The Scots, however, were alone in their enthusiasm. The Welsh should have shared it. After all, they had a better claim to be the true heirs of the ancient British, because they were directly descended from them in both language and blood, they had the real island of Mona, and they were involved in a boom in history-writing of their own. That history was, however, centred on the medieval bards, who had defined their national identity in the course of resistance to the English. They didn't need the Druids, who seemed much more remote, supranational, ambivalently attractive, and mysterious. As late as the 1690s a prominent Welsh poet, Henry Vaughan, could answer an enquiry by stating that as the Druids had left no writings, we could know nothing real about them, and that there was no reason to suppose that they had anything to do with the later bards.
   The Irish, of course, had never ceased to write about Druids, and did not do so in the early modern period, but their treatment of them had always been double-edged. For every epic that portrayed them as advisers to heroes, there was a saint's life which showed them as the mortal enemies of Christianity. It was this latter, hostile, tradition that got sucked into the great renewal of Irish Catholicism which occurred in the face of the English conquest of the Elizabethan and early Stuart period. In the histories of the Irish Counter-Reformation, Druids featured as the ancestors whom Ireland had needed to lose: savage heathen priests steeped in gloom and gore.
   All this left the Tudor English in a muddle of ignorance and doubt. That the French and Scots were keen on something was in itself good reason for the English to have doubts about it. In this context the Druids could look as suspect as haggis or garlic. They may also, however, simply have been unlucky. By sheer chance, the first three authors to deal with them in England were, successively, an Italian with a contempt for ancient Britain, a madman, and an early Protestant who decided to turn them into prototypes of all that he hated most about Catholic clergy. For whatever complex of reasons, nearly a hundred years passed before English historians took them on properly, but then they were pressed into service by the great rewriting of national history which occurred in the later part of the reign of Elizabeth.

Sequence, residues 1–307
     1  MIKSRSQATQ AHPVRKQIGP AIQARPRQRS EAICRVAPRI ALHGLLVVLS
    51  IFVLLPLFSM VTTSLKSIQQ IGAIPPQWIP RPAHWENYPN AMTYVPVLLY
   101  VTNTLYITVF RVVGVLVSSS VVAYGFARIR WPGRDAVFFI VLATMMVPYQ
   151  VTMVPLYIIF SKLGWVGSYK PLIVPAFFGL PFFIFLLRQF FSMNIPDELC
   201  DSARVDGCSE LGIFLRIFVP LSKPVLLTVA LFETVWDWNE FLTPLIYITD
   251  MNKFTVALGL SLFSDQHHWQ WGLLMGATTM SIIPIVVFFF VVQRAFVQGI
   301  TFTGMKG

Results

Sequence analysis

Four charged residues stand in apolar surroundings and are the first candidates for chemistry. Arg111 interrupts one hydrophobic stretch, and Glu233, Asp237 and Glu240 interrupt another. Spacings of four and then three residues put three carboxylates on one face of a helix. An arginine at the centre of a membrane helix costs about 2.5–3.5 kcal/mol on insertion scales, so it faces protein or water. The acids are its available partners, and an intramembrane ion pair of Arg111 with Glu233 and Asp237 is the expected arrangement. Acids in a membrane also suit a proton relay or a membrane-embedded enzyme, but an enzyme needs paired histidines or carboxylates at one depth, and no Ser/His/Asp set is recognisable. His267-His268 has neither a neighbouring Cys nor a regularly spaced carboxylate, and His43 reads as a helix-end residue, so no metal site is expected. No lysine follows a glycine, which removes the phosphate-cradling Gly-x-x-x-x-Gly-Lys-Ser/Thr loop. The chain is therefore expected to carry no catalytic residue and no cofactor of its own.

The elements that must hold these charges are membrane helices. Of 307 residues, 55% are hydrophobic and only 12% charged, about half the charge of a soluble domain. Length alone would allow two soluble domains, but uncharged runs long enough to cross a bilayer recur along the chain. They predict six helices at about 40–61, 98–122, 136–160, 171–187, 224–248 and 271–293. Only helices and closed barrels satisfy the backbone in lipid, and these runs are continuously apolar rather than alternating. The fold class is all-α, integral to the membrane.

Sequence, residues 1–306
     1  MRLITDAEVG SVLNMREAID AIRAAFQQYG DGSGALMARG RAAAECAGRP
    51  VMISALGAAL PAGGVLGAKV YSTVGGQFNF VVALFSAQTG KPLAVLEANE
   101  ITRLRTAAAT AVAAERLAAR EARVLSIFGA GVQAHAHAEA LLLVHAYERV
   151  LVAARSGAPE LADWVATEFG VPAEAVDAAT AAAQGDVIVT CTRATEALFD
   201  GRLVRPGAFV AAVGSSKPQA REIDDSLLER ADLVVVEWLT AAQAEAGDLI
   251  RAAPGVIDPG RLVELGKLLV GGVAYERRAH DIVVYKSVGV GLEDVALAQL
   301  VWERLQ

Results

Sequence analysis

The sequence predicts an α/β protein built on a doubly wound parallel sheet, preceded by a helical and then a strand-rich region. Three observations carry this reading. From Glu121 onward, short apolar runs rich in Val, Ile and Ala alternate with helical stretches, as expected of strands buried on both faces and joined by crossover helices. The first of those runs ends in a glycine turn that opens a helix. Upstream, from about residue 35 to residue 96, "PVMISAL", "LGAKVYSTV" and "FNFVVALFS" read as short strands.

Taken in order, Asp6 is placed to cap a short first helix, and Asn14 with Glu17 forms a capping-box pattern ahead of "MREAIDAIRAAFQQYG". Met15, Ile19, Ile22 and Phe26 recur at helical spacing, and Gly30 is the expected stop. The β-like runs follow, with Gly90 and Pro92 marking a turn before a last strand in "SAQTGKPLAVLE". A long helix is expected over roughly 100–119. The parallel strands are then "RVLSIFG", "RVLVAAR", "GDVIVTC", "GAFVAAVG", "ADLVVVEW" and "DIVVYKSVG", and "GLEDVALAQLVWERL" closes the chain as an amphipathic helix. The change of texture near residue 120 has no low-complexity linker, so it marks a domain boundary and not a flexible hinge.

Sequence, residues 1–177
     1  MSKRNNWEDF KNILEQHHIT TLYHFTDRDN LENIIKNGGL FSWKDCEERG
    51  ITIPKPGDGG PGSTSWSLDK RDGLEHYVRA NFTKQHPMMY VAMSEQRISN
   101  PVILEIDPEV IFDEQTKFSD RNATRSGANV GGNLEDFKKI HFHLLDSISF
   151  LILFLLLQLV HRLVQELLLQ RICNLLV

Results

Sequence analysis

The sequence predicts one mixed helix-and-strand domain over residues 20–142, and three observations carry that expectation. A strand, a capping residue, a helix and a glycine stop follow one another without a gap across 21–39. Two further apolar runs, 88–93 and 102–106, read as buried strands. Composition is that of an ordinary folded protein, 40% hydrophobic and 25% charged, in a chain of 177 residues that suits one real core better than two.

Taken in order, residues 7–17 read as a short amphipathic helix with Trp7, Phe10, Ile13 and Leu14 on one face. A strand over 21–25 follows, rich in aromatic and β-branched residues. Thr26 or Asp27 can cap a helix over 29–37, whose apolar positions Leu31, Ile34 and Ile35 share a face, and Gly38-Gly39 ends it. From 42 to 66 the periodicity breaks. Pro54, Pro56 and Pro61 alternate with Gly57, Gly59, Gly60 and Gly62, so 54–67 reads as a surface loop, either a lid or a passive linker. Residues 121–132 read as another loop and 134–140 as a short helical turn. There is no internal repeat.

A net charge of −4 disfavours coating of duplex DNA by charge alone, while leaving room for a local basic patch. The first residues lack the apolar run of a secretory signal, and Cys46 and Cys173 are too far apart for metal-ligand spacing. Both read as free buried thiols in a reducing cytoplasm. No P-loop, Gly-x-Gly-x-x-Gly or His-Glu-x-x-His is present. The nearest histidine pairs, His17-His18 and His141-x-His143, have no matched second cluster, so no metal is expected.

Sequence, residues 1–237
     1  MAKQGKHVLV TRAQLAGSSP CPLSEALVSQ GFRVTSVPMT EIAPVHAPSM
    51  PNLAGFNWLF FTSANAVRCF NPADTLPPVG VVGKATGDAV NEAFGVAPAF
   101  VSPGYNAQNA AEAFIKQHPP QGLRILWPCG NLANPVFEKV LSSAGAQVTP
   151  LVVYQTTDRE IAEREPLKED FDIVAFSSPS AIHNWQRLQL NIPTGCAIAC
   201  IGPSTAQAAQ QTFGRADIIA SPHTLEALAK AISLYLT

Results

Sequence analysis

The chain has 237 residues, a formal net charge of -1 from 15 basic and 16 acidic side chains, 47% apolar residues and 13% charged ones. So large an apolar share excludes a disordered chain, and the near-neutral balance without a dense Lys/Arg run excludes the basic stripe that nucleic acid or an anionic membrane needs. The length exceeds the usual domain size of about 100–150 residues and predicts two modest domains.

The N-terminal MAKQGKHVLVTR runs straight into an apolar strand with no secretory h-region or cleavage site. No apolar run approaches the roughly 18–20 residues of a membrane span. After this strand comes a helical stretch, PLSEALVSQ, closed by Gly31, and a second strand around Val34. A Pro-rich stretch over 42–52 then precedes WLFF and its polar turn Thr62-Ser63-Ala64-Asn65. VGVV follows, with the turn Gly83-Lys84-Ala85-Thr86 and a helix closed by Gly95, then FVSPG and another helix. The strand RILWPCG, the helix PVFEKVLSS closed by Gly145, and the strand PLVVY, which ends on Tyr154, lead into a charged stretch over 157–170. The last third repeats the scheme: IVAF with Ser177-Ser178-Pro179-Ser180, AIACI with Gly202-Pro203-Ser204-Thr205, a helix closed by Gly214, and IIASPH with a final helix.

Druids promptly appeared in both of the key works of this rewriting, which were produced for very different audiences with very different aims. One was Holinshed's "Chronicles", a multi-volume patriotic history designed for a not very discerning English audience. It is most famous as the main source used for Shakespeare's history plays. It was more concerned with inspiring the newly Protestant English with a sense of historical mission than with matters like source analysis, and so it simply cobbled together the fantasies of Annius and Boece with the writings of Greek and Roman authors. Now, the basic problem for anybody writing about the ancient Druids, for the last half a millennium, is that the picture presented by the Greek and Roman writers is full of contrasts. Some of them portrayed Druids as great scholars, scientists and philosophers, worthy of admiration. Others characterized them as bloodthirsty barbarians, who had to be wiped out as part of any serious civilizing mission. Others still described them as both: as spiritual leaders who held some interesting opinions and made a serious study of the natural world, but happened to be addicted to icky practices like human sacrifice.